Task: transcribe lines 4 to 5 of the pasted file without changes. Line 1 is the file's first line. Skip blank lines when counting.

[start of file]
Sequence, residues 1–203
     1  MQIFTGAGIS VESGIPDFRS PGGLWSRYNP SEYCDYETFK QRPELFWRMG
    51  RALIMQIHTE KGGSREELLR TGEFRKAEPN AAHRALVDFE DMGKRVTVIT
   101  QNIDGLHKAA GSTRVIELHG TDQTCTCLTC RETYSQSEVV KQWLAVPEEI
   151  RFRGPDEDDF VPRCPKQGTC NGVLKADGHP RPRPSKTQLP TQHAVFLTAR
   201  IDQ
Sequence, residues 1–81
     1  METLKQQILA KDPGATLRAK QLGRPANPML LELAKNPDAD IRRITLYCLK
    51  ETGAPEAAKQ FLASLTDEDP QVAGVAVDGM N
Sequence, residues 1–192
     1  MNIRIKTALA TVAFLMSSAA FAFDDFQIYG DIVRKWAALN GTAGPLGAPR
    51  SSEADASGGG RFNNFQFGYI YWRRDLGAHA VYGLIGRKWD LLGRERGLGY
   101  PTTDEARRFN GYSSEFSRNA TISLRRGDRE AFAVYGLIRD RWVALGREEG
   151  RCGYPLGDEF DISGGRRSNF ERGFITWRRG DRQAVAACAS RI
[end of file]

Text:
   101  QNIDGLHKAA GSTRVIELHG TDQTCTCLTC RETYSQSEVV KQWLAVPEEI
   151  RFRGPDEDDF VPRCPKQGTC NGVLKADGHP RPRPSKTQLP TQHAVFLTAR